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Thousands of giant planets or ‘blanets’ surround black hole, say scientists 

Thousands of giant planets or ‘blanets’ surround black holes, made up from the void’s whirling dust, say scientists

  • Experts believe there could be thousands of exoplanets in black hole safe zones
  • Called ‘blanets,’ the team believes these formations live outside the snow-line
  • Blanets could form from ice-covered dust particles circling the black hole
  • Researchers speculate they could have 30,000 times the mass of Earth 

Scientists speculate there could be thousands of exoplanets swirling around the ‘safe zone’ of a black hole.

The team conducted a number of simulations to determine these ‘blanets’ form the grains of dust that circle the black hole.

These worlds could birth from dust swirling around the massive gravitational monster that clump together when they collide, which similar to the process of traditional planets.

Researchers believe blanets live outside the snow-line where the compounds can condense into ice and are likely between 20 and 30,000 times the mass of Earth.

 

Scientists speculate there could be thousands of exoplanets swirling around the ‘safe zone’ of a black hole. The team conducted a number of simulations to determine these ‘blanets’ form the grains of dust that circle the black hole

According to the pre-print study in arXiv: ‘We proposed that a new class of planets, blanets (i.e., black hole planets) can be formed, provided that the standard scenario of planet formation is present in the circumnuclear disk.

‘Here, we investigated the physical conditions of the blanet formation outside the snowline (rsnow ∼ several parsecs) in more detail, especially considering the effect of the radial advection of the dust aggregates.’

Traditional planets come into existence when dust eddies moving around a star bond together to form a disc, which is what led astronomers at Kagoshim University in Japan to speculate there are planets around massive black holes – they have material swirling around in a circular formation, according to Science Alert.

Because blanets would live outside the snow-line, researches suggest ice-covered particles clump together when they collide and as they grow larger, the clumps turn into a rocky world.

These worlds could birth from dust swirling around the massive gravitational monster that clump together when they collide, which similar to the process of traditional planets. Pictured is the first ever image taken of a black hole

These worlds could birth from dust swirling around the massive gravitational monster that clump together when they collide, which similar to the process of traditional planets. Pictured is the first ever image taken of a black hole

Although black holes are known to eat their way through the universe, the team suggests that because the orbital velocity of the accretion disc moves so quickly the exoplanet would be unable to escape its orbit.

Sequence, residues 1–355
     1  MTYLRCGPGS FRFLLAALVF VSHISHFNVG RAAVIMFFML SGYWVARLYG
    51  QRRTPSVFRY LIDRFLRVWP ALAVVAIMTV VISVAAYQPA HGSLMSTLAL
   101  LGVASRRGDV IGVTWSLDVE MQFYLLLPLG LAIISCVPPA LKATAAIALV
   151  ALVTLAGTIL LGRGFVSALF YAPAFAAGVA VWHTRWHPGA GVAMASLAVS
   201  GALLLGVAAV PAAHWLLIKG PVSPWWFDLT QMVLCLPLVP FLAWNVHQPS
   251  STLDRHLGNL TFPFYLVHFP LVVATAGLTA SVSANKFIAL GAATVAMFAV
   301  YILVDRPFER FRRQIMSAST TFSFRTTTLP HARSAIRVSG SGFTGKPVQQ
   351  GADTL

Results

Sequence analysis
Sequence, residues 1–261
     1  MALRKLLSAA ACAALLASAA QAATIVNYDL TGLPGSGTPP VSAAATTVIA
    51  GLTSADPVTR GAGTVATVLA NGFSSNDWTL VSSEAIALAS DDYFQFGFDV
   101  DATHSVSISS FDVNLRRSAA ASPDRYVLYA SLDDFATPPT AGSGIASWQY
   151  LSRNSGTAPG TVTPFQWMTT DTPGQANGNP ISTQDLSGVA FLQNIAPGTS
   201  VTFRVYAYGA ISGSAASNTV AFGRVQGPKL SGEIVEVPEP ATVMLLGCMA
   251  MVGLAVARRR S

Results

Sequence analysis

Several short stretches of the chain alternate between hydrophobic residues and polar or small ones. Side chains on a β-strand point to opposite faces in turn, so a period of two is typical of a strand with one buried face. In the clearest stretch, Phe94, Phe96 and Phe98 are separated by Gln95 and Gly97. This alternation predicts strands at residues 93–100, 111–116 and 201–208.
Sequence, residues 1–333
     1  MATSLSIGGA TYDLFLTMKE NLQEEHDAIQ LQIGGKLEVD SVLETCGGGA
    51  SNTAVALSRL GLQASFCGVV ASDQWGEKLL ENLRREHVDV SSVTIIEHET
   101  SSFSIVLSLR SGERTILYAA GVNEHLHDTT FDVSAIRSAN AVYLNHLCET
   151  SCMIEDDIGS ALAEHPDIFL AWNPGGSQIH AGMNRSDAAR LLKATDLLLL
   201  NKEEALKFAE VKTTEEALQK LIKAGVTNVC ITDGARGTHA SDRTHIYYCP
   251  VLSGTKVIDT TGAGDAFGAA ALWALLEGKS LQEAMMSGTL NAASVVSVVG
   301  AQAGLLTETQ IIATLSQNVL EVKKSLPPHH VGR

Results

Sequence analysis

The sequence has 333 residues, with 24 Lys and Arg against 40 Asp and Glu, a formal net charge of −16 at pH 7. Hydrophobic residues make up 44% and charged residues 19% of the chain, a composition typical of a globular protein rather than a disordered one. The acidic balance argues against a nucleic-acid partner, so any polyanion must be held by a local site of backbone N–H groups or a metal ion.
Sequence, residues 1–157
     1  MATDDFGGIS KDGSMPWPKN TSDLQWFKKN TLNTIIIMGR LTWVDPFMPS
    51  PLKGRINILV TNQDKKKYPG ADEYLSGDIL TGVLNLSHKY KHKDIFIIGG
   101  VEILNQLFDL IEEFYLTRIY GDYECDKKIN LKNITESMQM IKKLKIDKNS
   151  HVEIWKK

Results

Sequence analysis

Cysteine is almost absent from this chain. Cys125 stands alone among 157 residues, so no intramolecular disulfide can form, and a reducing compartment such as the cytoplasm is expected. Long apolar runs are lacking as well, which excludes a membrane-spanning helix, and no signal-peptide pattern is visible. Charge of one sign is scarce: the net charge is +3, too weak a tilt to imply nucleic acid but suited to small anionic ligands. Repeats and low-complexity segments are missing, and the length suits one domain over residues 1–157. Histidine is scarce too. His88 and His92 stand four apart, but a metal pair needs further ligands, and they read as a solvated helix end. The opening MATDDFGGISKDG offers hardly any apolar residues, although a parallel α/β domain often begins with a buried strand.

‘We proposed that a new class of planets, blanets (i.e., black hole planets) can be formed, provided that the standard scenario of planet formation is present in the circumnuclear disk,’ reads the study.

‘Here, we investigated the physical conditions of the blanet formation outside the snowline (rsnow ∼ several parsecs) in more detail, especially considering the effect of the radial advection of the dust aggregates.’

Researchers suggest that a black hole with one million solar masses could allow a planet to orbit just 13 light years away.

Although black holes are known to eat their way through the universe, the team suggests that because the orbital velocity of the accretion disc moves so quickly the exoplanet would be unable to escape its orbit

Although black holes are known to eat their way through the universe, the team suggests that because the orbital velocity of the accretion disc moves so quickly the exoplanet would be unable to escape its orbit

However, the team also notes that conditions around the black hole would have be nearly perfect for an exoplanet to birth.

‘Our results suggest that blanets could be formed around relatively low-luminosity active galactic nuclei during their lifetime (100 million years),’ reads the study.

‘The gaseous envelope of a blanet should be negligibly small compared with the blanet mass.’

‘Therefore, the system of blanets are extraordinarily different from the standard Earth-type planets in the exoplanet systems.

‘The dynamical stability of such a system around a supermassive black hole may be an interesting subject for future studies.’

BLACK HOLES HAVE A GRAVITATIONAL PULL SO STRONG NOT EVEN LIGHT CAN ESCAPE

Black holes are so dense and their gravitational pull is so strong that no form of radiation can escape them – not even light.

They act as intense sources of gravity which hoover up dust and gas around them. Their intense gravitational pull is thought to be what stars in galaxies orbit around.

How they are formed is still poorly understood. Astronomers believe they may form when a large cloud of gas up to 100,000 times bigger than the sun, collapses into a black hole.

Many of these black hole seeds then merge to form much larger supermassive black holes, which are found at the centre of every known massive galaxy.

Alternatively, a supermassive black hole seed could come from a giant star, about 100 times the sun’s mass, that ultimately forms into a black hole after it runs out of fuel and collapses.

When these giant stars die, they also go ‘supernova’, a huge explosion that expels the matter from the outer layers of the star into deep space. 

Read more at DailyMail.co.uk


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